Next week I’m presenting a paper at EGOS on how art travel and are made into political objects.
Creating an artwork is the work of crafting a symbolic representation of society; and, according to Adorno (1991) true art challenges society through its symbolic representation. All arts, it can be argued, are communicating a symbolic meaning of whatever the artist decides. In this sense, aspects of society, and what it means to be human, are translated and inscribed into the object in question – painting, song, art installation, film, video game – leaving the subject itself to interpret these meanings from the art. Artists can thus be understood as symbolic creator (Hesmondhalgh, 2012), leaving imprints in objects – commenting on the state of our society.
Most art travels, between spaces and between different persons – spectators. This mean that the symbolic meaning inscribed in arts may as well travel. Although the intentions of the artist are disconnected as a piece of art leave the hands of its symbol creator. In a Saussurean move this mean that what is signified are for the spectators to construct, given the clues of a physical present signifier and discourses attached to this. Although a spectator does not enter the relationship carte blanche, as Foucault (1982) reminds us: a spectator is always bound by his past, and present passions. Art is thus a boundary object made part of different fields (Bourdieu, 1993), in order to give power to actors within here: either as connoisseurs’ of the arts, or, as in the case here, as leverage in a the field of international politics.
Following a constructivist approach, as developed in Science and Technology Studies, the arts is part of shaping society (e.g. Hennion, 1989). It is both made a part, and it takes a part, in producing relations that a stabilized over time. It is my belief that arts are made into actants of different networks (Latour, 1999; 2005), for different purposes. Art does thus not speak for itself, it is spoken for, and once spoken for it is also made into an actor. It has been said that the acronym ANT (actor-network theory) could be used to explain what it means to study actors using a sociology of translation approach: like ants, researchers walk with small steps, and carefully follow each step forming the chain of translation. In this case it would imply following actions that build the cultural market, without any preconception of who the actors are, and where it is leading. For this short paper, let us be ants.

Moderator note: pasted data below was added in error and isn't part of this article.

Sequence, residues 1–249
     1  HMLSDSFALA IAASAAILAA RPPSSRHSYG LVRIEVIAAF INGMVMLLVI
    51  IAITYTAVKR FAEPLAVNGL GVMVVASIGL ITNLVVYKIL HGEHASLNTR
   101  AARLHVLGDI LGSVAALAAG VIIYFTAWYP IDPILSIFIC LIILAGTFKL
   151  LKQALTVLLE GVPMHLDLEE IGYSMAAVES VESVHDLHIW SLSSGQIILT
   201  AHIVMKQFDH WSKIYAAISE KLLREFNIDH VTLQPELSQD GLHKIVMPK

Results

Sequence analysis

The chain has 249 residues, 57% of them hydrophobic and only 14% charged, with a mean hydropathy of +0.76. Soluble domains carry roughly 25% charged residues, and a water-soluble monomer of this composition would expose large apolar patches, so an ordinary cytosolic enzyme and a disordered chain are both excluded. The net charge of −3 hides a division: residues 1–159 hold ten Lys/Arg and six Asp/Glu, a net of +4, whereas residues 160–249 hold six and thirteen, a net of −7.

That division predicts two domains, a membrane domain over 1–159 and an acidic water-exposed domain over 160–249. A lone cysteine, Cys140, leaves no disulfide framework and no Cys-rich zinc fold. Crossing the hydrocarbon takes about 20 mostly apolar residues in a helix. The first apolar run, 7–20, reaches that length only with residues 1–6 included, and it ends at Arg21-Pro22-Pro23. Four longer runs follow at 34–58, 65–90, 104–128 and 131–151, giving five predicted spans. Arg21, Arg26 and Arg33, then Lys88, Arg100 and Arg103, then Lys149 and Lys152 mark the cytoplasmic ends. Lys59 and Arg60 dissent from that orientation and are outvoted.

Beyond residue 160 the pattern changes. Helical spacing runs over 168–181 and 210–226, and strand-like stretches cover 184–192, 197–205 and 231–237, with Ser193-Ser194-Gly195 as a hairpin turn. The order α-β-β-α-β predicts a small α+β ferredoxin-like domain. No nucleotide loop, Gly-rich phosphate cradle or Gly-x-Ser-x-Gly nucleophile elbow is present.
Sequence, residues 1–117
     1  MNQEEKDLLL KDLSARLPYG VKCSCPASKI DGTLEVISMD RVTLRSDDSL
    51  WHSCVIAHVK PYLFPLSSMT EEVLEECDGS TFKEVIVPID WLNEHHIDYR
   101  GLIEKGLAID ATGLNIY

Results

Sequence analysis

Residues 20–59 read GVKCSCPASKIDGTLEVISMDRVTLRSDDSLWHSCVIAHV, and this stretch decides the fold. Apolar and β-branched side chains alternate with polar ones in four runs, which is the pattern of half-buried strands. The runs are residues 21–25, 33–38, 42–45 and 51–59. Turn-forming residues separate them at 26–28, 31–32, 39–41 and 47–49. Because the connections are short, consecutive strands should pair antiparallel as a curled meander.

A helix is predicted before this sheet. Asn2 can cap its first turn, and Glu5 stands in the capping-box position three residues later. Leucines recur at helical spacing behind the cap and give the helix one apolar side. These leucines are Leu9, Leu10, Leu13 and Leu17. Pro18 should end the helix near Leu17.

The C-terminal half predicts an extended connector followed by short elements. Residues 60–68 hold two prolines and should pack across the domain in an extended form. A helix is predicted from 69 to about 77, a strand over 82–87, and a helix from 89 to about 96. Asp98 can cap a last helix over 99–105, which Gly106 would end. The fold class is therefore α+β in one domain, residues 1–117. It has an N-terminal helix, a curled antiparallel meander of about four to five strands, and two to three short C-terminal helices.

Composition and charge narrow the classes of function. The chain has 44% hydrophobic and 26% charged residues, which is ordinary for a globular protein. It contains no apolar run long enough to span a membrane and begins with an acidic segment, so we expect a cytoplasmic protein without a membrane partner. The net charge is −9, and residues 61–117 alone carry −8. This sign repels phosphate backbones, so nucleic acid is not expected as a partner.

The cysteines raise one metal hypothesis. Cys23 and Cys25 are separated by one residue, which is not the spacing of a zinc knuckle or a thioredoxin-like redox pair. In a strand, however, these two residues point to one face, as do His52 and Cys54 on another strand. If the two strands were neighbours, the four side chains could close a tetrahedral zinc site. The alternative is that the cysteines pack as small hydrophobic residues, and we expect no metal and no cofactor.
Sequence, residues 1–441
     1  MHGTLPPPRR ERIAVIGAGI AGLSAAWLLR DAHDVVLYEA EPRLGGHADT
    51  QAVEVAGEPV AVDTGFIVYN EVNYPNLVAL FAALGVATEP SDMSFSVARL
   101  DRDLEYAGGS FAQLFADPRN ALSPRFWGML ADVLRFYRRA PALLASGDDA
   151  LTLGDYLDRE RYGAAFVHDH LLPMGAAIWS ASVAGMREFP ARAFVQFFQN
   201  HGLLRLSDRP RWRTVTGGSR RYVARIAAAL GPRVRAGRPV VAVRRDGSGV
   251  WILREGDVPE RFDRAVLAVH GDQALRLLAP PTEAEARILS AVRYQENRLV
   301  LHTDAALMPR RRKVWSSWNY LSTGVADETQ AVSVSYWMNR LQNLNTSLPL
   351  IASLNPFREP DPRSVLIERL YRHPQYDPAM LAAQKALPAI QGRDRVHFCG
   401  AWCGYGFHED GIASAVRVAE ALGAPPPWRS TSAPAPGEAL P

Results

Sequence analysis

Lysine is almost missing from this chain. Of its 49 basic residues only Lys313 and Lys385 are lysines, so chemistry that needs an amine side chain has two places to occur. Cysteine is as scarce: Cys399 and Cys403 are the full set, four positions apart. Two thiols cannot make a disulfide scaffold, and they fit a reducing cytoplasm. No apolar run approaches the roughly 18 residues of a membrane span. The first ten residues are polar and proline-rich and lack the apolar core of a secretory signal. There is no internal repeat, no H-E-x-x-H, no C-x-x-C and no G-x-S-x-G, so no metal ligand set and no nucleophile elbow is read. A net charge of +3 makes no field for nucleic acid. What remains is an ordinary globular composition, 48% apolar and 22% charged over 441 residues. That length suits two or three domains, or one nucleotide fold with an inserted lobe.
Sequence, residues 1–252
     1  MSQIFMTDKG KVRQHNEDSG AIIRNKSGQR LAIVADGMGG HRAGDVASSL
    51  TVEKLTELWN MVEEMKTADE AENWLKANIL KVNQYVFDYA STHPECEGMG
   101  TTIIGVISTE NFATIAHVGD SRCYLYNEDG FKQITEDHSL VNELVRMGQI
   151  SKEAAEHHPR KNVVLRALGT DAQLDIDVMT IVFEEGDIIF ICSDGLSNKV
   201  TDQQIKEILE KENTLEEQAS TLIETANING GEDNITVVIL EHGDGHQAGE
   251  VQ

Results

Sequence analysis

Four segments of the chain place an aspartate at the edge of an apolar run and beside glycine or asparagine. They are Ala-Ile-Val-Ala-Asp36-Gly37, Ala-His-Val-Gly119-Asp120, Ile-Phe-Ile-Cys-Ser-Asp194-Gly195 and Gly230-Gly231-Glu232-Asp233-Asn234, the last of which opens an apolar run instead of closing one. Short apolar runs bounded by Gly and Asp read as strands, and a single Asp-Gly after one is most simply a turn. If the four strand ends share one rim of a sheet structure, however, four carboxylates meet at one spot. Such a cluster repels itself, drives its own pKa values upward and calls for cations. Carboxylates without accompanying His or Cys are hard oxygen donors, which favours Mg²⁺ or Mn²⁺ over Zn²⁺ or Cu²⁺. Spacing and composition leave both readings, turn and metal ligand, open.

The aim of this short paper is to explore how two art objects are made to travel between different spaces, discursive spaces, as they are hijacked and made into coconspirator’s of different agendas. As these two narratives unfold the two art pieces will also be made into actants of different fields, be made into actors of politics and religion. The first narrative is that of the installation Snow White and the Madness of Truth,by Dror Feiler and Gunilla Sköld-Feiler, where the hopelessness of violence travels into politics and are made into an anti-Semitism symbol. The second narrative is that of the painting Scène d’amour, by Louzla Darabis, where sexual pleasures are driven into religion and are made anti-Islamism. Through these two narratives I hope to present the working of boundary construction and travelling of arts – and at times, trespassing.